A segment-availability gauge 22 is configured to generate, upon any respective buffer segment being filled up, an indication of availability of the contents of the respective buffer segment to the data destination device 18 operating in a respective clock domain, e.g., CLK2. As further explained below, the segment-availability gauge 22 is further configured to generate, upon the contents of the respective segment being transferred to the destination device, an indication of availability of that buffer segment for further refilling of data from the source device 16. The generating of the respective indications of buffer segment availability comprises determining the state of a respective buffer gauge signal (Si) uniquely associated with each buffer segment. That is, buffer gauge signal (Si) would be uniquely associated with buffer SEGMENT i. In a preferred embodiment, the buffer signal uniquely associated with each buffer segment comprises a single-bit signal that is sampled in a sampling circuit 24 using a standard sampling technique, such as a double-sampling technique, for appropriate synchronization to the clock domain of the destination device. For example, in the event the state of the respective buffer gauge signal indicates the buffer segment is full, the indication of availability of the buffer segment contents to the data destination device would be triggered. Conversely, in the event the state of the respective buffer gauge signal indicates the buffer segment is empty, the indication of availability of that buffer segment for further refilling of data from the source device would be triggered. In this case, a respective acknowledge (ACKi) signal from a hand-shake circuit 26 in destination device 18 would be sampled by a sampling circuit 28 synchronized back to the clock domain of the source 16 using, for example, the above-cited double sampling technique. It will be appreciated that each ACKi signal may be associated with each buffer SEGMENT i to indicate the availability of that buffer segment for further refilling of data from the source device 16, once the destination device has acknowledged transfer of the contents of the buffer SEGMENT i.

Although FIG. 1, for the sake of simplicity of illustration, illustrates a single source device and a single destination device, it will be understood that the techniques of the present invention are not limited to a single source or destination device. Thus, it will be understood that the techniques of the present invention can be adapted to applications involving multisource and/or multidestination devices. For example, assuming a total of eight segments in the buffer, SEGMENT 1 and SEGMENT 2 could be mapped for transferring data from a first source device (e.g., source 16) to a first destination device (e.g., destination 18); SEGMENT 3 and SEGMENT 4 could be mapped for transferring data from a second source device to the first destination device; SEGMENT 5 and SEGMENT 6 could be mapped for transferring data from the first source to a second destination device, and SEGMENT 7 and SEGMENT 8 could be mapped for transferring data from either the first or the second source to a third destination device. It will be further understood that the present invention is not limited to any particular sequence for the filling and/or draining of the buffer segments.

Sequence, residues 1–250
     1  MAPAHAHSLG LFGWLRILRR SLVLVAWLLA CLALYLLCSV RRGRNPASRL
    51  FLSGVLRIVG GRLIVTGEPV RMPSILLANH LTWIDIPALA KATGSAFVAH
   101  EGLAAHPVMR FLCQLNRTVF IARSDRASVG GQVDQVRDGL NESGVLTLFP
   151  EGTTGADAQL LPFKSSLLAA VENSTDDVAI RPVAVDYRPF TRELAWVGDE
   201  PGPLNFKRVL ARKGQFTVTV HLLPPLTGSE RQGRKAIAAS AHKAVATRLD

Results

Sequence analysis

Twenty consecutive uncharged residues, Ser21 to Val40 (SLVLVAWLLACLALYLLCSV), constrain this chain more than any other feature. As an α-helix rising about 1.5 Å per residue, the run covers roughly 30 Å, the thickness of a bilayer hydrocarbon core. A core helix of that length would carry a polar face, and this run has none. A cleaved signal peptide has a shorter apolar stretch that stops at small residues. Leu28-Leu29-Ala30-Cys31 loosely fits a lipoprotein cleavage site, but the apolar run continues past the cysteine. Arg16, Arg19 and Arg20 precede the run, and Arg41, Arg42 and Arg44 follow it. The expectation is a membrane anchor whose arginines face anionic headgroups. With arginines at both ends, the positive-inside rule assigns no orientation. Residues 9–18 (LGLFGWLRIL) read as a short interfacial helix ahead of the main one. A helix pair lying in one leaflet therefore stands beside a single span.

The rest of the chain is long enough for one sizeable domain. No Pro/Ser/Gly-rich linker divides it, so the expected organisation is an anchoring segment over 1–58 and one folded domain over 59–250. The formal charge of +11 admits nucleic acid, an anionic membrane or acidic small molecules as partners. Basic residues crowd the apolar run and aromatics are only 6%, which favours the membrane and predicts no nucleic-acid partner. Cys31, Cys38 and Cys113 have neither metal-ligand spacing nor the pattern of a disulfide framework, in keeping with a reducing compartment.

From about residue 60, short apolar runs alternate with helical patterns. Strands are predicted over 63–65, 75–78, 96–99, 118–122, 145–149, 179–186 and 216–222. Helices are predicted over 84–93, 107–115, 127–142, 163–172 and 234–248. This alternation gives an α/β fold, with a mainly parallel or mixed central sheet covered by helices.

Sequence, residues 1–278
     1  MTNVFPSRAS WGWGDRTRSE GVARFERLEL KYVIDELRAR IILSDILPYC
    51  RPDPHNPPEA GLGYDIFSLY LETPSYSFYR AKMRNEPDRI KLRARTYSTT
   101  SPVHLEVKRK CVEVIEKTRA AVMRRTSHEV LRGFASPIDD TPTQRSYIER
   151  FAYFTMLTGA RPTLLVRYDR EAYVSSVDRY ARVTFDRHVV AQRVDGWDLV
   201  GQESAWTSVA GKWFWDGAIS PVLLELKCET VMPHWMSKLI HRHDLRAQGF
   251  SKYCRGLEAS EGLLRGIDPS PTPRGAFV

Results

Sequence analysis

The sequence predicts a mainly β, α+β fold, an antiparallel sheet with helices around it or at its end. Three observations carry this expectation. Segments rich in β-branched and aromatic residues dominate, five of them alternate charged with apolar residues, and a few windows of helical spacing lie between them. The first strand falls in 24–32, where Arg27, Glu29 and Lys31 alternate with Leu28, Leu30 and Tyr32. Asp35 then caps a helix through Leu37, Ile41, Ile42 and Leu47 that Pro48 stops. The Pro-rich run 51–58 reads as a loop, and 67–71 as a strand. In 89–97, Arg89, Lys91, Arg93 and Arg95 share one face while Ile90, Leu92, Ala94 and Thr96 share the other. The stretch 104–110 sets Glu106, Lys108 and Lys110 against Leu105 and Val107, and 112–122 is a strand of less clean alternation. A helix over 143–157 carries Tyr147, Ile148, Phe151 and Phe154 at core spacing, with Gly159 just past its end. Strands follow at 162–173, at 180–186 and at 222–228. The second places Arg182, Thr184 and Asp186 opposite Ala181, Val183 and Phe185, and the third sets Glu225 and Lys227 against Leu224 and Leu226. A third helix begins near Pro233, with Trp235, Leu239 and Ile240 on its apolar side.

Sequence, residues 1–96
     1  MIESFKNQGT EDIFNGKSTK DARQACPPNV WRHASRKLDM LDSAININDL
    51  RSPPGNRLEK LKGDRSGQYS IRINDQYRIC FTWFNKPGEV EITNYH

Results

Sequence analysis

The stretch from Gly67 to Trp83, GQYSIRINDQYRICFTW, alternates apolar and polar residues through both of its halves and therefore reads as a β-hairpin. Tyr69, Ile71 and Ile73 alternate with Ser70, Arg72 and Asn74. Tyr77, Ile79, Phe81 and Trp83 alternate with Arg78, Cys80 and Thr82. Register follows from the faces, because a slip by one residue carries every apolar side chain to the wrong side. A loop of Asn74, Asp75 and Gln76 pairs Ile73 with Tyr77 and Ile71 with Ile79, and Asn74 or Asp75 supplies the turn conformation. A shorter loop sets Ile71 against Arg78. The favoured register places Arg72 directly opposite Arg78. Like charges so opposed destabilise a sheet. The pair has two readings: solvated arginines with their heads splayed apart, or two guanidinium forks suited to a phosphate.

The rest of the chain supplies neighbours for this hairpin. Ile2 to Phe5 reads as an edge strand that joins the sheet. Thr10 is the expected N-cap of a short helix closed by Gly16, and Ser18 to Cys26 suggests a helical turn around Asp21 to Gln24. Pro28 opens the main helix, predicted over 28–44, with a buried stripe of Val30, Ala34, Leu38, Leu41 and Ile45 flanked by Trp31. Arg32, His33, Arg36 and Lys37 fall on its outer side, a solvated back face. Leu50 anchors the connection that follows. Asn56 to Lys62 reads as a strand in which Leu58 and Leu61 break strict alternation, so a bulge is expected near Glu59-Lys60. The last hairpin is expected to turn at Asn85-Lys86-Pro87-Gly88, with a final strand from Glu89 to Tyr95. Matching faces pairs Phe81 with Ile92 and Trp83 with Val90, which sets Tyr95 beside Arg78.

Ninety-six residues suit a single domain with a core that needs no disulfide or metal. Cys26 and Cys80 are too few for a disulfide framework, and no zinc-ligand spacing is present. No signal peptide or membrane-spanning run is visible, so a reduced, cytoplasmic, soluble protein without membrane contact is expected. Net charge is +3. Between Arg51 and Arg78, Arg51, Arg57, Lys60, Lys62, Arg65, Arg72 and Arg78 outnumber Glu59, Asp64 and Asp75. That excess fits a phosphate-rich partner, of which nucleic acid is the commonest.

FIG. 2 illustrates an exemplary sequence of buffer segments filling and draining in their respective clocking domains in accordance with aspects of the present invention. As shown in FIG. 2, blocks 50 and 51 respectively illustrate the initial condition of the buffer segments in the buffer device 14 (FIG. 1). Block 52 illustrates a buffer gauge indication where a buffer segment, e.g., buffer SEGMENT 1, has been filled with data from the source device 16 (FIG. 1), and the contents of that buffer segment are ready for transfer to the destination device 18 (FIG. 1). For example, in this case the single bit signal S1 associated with buffer SEGMENT 1 would be set to logical one. Similarly, block 54 illustrates a buffer gauge indication where another buffer segment, e.g., buffer SEGMENT 2, has been filled with data from the source device, and the contents of that buffer segment are ready for transfer to the destination device 18. For example, in this case the single-bit signal S2 associated with buffer SEGMENT 2 would be set to logical one and since buffer SEGMENT 1 has not yet being drained, then signal S1 would continue to be set to logical one.

Block 56 illustrates a buffer gauge indication where buffer SEGMENT 3 has been filled with data from the source device, and the contents of that segment are ready for transfer to the destination device.